Regulatory T Cell-Based Immunotherapy: Prospects of Antigen-Specific Tolerance Induction

Regulatory T Cell-Based Immunotherapy: Prospects of Antigen-Specific Tolerance Induction

Sonja Schallenberg (Center for Regenerative Therapies Dresden, Germany), Cathleen Petzold (Center for Regenerative Therapies Dresden, Germany), Julia Riewaldt (Center for Regenerative Therapies Dresden, Germany) and Karsten Kretschmer (Center for Regenerative Therapies Dresden, Germany)
DOI: 10.4018/978-1-4666-2506-8.ch006


CD4+CD25+ regulatory T (Treg) cells expressing the forkhead box transcription factor Foxp3 have a vital function in the maintenance of immune homeostasis and the prevention of fatal multi-organ autoimmunity throughout life. In the last decade, Foxp3+ Treg cells have raised the hope for novel cell-based therapies to achieve tolerance in clinical settings of unwanted immune responses such as autoimmunity and graft rejection. Conceptually, the antigen-specific enhancement of Treg cell function is of particular importance because such strategies will minimize the requirements for pharmaceutical immunosuppression, sparing desired protective host immune responses to infectious and malignant insults. This chapter discusses current concepts of Treg cell-based immunotherapy with particular emphasis on antigen-specific Treg cell induction from conventional CD4+ T cells to deal with organ-specific autoimmunity.
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Observations in mice and humans have demonstrated that CD4+CD25+ regulatory T (Treg) cells expressing the forkhead/winged helix transcription factor Foxp3 play an essential role in establishing dominant self-tolerance, controlling inflammatory responses and maintaining immune homeostasis (Sakaguchi, et al., 2008; Wing, et al., 2010). Foxp3 was initially identified as the X-linked gene mutated in the lymphoproliferative, autoimmune, inflammatory and allergic syndrome that develops in the scurfy mouse mutant (Brunkow, et al., 2001) and human IPEX (Immune dysregulation Polyendocrinopathy Enteropathy-X-linked syndrome) patients (Bennett, et al., 2001; Chatila, et al., 2000; Wildin, et al., 2001). Subsequent studies have established that the highly aggressive and fatal autoimmune disease caused by spontaneous mutations in the gene encoding Foxp3 can be recapitulated in mice by gene-targeted deletion of Foxp3 (Fontenot, et al., 2003; Gavin, et al., 2007; Lin, et al., 2007, 2005) and, to some extent, by Diphtheria Toxin (DT)-mediated ablation of Treg cells in adult mice with Foxp3-dependent expression of a human DT receptor as a transgene (Kim, et al., 2007; Lahl, et al., 2007). Overall, these experiments firmly established a lack of functional Treg cells as the primary cause of the severe autoimmune syndrome associated with Foxp3 deficiency.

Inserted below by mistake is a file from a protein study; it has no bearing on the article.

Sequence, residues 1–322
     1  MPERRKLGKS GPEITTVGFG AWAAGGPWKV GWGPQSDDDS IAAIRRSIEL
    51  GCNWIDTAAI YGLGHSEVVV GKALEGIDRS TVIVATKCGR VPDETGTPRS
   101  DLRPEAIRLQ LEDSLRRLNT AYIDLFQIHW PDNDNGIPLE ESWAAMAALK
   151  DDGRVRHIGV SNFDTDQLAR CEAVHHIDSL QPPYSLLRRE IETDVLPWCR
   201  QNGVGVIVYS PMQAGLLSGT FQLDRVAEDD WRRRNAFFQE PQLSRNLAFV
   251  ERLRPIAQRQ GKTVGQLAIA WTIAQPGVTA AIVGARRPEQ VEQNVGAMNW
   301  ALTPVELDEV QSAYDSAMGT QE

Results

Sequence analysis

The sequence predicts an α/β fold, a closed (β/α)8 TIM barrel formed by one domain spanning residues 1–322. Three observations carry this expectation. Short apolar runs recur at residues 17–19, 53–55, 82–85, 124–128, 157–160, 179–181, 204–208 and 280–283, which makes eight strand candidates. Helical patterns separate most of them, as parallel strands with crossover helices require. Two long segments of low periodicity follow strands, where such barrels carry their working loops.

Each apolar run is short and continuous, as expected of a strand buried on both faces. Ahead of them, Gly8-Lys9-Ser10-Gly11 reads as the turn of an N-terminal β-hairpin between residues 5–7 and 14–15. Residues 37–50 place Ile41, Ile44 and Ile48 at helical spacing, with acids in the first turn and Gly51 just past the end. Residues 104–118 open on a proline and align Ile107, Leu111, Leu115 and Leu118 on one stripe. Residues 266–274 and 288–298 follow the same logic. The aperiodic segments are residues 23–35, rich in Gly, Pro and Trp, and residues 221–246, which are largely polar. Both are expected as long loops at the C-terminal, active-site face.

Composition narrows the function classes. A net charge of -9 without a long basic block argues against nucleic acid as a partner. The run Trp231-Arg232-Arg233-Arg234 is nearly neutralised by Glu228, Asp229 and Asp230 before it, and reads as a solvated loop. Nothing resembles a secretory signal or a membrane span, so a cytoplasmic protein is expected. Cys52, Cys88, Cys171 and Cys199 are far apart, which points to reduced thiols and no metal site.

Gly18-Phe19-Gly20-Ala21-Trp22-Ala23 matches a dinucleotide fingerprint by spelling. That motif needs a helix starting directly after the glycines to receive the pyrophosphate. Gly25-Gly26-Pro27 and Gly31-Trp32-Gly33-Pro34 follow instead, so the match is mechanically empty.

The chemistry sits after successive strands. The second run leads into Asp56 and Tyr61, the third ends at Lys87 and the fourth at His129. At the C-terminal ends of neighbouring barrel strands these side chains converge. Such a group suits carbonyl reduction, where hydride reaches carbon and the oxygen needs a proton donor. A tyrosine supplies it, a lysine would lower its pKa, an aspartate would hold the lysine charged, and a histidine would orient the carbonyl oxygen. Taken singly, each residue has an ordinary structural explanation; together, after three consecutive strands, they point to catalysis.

A particularly striking example of the essential role of Foxp3+ Treg cells in restraining destructive tissue-specific autoimmune responses is the observation that punctual ablation of Treg cells in adult Non-Obese Diabetic (NOD) mice carrying a pancreatic β cell-reactive T Cell Receptor (TCR) as a transgene unleashes overt autoimmune diabetes within three days (own unpublished observation; Feuerer, et al., 2009). Given their non-redundant function in maintaining immune homeostasis, it is not surprising that in recent years Foxp3+ Treg cells have attracted considerable attention as particularly promising gain-of-function targets in clinical settings of unwanted immune responses, such as organ-specific autoimmunity and immune rejection of transplanted hematopoietic stem cells. Indeed, Foxp3+ Treg cells have the potential to modulate innate and adaptive immune responses by suppression of activation, proliferation and function of various immune cell types, including macrophages, Dendritic Cells (DCs), CD4+ T Helper (Th) cells, CD8+ cytotoxic T cells, B cells and natural killer T cells (Vignali, et al., 2008). Mechanisms of Treg cell-mediated immune suppression include competition for growth factors, secretion of inhibitory cytokines, cell-contact-dependent inhibition through surface molecules, functional modification of Antigen-Presenting Cells (APCs) and induction of cytolysis (Miyara, et al., 2007; Shevach, 2009; Vignali, et al., 2008; von Boehmer, 2005). Although the relative importance of individual suppressor mechanisms has only recently begun to be explored, it appears likely that the contribution of the different mechanisms is context-dependent and modulated by the inflammatory milieu and magnitude of the immune response.

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